Meet Justin Wahe: Head English Teacher and Gentle Giant

When Justin Wahe came to work at BridgeEnglish Denver, the term “gentle giant” came to my mind. He is, after all, six feet five, a towering foot and two inches taller than my short five foot three inch frame and by far the tallest person at the school.

While some very tall men can have an intimidating effect on people, Justin, on the other hand, has the most pleasant disposition, nicest smile and greatest attitude around. When I am having a bad day, he always seems to cheer me up. Justin would seriously do anything for us teachers here at BridgeEnglish Denver, not to mention being committed to giving the best education to the students as possible.

Justin has been working at BridgeEnglish Denver for around seven months now and has recently been promoted to Head Teacher. I personally can’t think of a better candidate for this job. He really wants to make a difference and support the teachers as much as he can which all of the teachers, myself included, really appreciate.

AB: Justin, could you tell me a little about your background?

JW: Well, I grew up in Jamestown, North Dakota, and then moved to New Mexico, and then to Minnesota before coming to Denver for high school. My family moved around a lot, obviously. After high school, I attended the University of Redlands in California for three years before transferring to Sarah Lawrence College in Yonkers, New York. There, I studied creative writing, specifically fiction. I still write quite a bit of fiction and I’m actually trying to finish my first novel right now.

AB: How did you get into teaching ESL and why?

JW: I spent a lot of time in graduate school, (University of Colorado, Denver) studying all kinds of literature, writing, rhetoric and I finally landed in the applied linguistics department. I fell in love with the theory part of cognitive linguistics, and then moved towards teaching. I then got my CELTA certificate and realized how many opportunities ESL offers.

AB: What was your previous experience teaching ESL?

JW: I taught ESL, accent training, GRE, GMAT and promotion style language to a group of Russian and Eastern European software engineers at a company here in Denver for three and a half years. Then, last year, I started working at Bridge. I really like working at Bridge. It is great to be around people from all over the world everyday and the faculty and staff are great people.

AB: What do you like about teaching ESL, favorite part, most challenging part?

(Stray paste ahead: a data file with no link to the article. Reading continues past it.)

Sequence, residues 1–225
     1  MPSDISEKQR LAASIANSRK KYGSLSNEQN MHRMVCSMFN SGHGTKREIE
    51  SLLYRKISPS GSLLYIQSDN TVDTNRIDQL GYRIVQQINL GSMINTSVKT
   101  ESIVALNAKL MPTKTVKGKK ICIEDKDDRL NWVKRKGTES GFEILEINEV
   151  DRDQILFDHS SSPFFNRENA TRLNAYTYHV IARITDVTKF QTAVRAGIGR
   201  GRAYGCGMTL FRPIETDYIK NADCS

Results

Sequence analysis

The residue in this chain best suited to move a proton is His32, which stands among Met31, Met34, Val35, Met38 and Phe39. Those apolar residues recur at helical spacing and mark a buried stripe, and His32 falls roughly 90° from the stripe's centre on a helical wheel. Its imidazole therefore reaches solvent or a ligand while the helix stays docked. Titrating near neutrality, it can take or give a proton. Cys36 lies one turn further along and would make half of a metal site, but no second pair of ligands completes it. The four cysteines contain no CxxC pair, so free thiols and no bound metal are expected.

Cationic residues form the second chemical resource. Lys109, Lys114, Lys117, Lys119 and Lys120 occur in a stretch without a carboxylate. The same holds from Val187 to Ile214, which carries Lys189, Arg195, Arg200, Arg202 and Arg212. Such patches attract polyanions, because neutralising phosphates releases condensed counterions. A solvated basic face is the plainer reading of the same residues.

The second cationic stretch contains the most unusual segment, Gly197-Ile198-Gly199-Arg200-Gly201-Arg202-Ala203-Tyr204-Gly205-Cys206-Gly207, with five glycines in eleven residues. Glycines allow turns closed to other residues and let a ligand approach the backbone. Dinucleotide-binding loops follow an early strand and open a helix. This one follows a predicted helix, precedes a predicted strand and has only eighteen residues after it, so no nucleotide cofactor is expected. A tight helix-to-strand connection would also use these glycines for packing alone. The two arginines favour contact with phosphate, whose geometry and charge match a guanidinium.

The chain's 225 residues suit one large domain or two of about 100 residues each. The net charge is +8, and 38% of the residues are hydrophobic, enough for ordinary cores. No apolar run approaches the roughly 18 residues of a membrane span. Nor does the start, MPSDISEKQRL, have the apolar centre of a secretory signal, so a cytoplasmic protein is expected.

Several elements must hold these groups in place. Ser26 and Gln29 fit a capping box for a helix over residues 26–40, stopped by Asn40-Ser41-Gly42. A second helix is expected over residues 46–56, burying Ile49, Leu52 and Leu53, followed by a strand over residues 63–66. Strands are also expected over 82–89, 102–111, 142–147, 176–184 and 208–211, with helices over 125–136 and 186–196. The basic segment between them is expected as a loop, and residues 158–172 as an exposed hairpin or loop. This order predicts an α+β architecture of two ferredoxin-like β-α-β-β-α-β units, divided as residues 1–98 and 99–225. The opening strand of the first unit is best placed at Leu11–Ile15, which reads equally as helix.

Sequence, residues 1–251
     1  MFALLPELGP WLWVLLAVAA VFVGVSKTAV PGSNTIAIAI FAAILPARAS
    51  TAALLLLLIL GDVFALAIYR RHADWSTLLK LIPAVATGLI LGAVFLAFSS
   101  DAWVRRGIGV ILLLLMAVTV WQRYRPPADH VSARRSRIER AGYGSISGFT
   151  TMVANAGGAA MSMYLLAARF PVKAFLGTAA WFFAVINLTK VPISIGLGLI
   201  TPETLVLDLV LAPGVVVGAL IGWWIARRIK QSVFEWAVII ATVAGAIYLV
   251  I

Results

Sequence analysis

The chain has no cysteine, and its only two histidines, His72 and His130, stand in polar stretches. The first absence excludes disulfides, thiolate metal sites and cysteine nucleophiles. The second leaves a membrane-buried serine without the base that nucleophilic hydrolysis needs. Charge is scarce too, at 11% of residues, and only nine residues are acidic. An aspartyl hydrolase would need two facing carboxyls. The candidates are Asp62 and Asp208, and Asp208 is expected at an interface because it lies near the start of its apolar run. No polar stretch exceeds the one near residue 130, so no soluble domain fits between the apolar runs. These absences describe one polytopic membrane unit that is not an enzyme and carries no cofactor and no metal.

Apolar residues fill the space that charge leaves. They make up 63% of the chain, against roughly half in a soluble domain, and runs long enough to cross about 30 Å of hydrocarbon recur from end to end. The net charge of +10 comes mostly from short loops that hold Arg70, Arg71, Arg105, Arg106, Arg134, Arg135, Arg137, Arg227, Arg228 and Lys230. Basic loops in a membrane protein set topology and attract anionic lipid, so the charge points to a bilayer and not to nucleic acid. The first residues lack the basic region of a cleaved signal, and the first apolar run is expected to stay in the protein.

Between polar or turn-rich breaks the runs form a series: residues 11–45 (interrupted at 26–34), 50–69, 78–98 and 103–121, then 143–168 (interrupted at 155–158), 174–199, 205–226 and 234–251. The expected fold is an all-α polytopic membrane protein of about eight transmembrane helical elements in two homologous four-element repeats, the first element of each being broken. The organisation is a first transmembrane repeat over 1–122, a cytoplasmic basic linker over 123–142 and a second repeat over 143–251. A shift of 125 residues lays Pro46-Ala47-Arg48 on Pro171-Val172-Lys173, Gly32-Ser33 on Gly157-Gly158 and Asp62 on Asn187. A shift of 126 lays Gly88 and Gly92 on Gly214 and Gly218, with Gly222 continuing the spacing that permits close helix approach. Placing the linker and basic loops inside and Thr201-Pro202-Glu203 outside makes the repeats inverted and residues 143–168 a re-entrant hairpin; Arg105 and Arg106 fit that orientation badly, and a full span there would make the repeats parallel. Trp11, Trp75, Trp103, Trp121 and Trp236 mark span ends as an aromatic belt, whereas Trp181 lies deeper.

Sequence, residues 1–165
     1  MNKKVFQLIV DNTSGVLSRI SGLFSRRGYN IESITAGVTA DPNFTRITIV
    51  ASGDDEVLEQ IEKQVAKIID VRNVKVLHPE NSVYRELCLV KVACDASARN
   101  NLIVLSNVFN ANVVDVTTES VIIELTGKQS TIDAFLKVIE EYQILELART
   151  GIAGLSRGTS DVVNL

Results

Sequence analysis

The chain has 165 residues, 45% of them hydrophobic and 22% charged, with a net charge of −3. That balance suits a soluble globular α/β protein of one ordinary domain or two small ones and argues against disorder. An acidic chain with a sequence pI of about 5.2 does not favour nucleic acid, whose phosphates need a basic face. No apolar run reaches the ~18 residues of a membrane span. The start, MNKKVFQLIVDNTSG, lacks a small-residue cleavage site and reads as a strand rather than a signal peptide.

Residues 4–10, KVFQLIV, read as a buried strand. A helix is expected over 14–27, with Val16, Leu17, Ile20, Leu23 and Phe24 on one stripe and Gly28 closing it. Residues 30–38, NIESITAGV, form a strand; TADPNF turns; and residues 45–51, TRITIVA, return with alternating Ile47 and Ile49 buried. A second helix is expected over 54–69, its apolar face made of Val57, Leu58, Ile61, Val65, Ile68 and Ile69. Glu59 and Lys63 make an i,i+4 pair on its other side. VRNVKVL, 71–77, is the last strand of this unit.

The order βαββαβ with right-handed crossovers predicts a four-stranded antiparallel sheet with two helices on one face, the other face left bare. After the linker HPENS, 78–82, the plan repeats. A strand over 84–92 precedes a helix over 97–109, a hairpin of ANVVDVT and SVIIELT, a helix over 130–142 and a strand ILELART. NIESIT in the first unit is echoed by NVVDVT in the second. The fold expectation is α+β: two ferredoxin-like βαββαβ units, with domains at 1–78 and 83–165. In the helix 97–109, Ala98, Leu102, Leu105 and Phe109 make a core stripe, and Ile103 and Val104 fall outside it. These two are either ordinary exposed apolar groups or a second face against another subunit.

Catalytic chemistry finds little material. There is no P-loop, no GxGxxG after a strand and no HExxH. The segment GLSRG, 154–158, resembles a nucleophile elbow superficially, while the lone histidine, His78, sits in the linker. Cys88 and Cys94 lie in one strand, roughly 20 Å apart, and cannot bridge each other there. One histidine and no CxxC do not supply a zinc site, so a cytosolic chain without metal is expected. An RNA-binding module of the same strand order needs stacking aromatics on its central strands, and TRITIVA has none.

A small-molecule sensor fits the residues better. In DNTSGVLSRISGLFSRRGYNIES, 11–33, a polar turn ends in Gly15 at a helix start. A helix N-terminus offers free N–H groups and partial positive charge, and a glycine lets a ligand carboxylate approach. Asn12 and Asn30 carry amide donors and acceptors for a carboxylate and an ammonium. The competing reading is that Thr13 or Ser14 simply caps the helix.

JW: I love teaching ESL. I love the energy of a classroom, seeing the spark from students suddenly understanding something. I love learning the ins and outs of grammar and working on the best ways to explain that information.  My favorite part is when a student learns something and it really makes a difference in their speech. They change the way they speak, the way they write and, in short, the way they can use English. We are really changing people’s lives by giving them an improved knowledge of English. They are able to interact with a whole new group of people, to move their careers forward, and to gain a university education. The most challenging part of teaching ESL is motivating students who become unmotivated. Some of our students get tired after working on their English for so many years. They want to move forward in their university education or to simply enjoy their vacation. They also feel that no matter what they do, they simply won’t get any better. Providing these students with the impetus and the encouragement that they need to move forward is a tremendously difficult task.

AB: Describe your new position as Head Teacher. What are your goals with this position?

JW: As Head Teacher, I am essentially responsible for quality control. I want to give the teachers at Bridge the best resources and support I can. I want to make sure that our pedagogical entry books, our lesson plans and our lessons are as good as I and everyone else can make them. I will observe and encourage and help our teachers in every way I can. My first goal is to put together a teacher’s guidebook of different guidelines that will help at every step of the teaching process. Secondly, I hope to create a few binders of supplemental material so that, if teachers need help with a specific grammar point, that help will be available to them.

AB: Wow! That would be great! Finally, is there anything else you would like to add?

JW: I really believe strongly in the team we have at our school. There are a lot of really talented teachers here and I think that, if we all work together and share what we know, we will all gain a true wealth of information. I want to help the teachers here be the absolute best they can be. Our students deserve our best efforts.

AB: Thanks for everything, Justin!